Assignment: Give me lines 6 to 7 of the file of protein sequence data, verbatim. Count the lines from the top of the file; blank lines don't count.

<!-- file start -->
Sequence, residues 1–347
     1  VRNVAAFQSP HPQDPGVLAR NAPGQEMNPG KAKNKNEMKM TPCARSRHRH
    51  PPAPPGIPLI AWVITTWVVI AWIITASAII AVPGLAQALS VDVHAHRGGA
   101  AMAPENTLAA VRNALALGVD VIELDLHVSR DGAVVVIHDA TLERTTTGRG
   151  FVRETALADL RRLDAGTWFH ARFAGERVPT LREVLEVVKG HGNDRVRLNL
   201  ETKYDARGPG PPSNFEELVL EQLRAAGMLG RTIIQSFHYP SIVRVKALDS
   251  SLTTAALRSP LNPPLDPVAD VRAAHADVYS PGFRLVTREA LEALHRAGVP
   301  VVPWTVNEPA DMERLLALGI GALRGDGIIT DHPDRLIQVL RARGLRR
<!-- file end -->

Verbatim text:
   201  ETKYDARGPG PPSNFEELVL EQLRAAGMLG RTIIQSFHYP SIVRVKALDS
   251  SLTTAALRSP LNPPLDPVAD VRAAHADVYS PGFRLVTREA LEALHRAGVP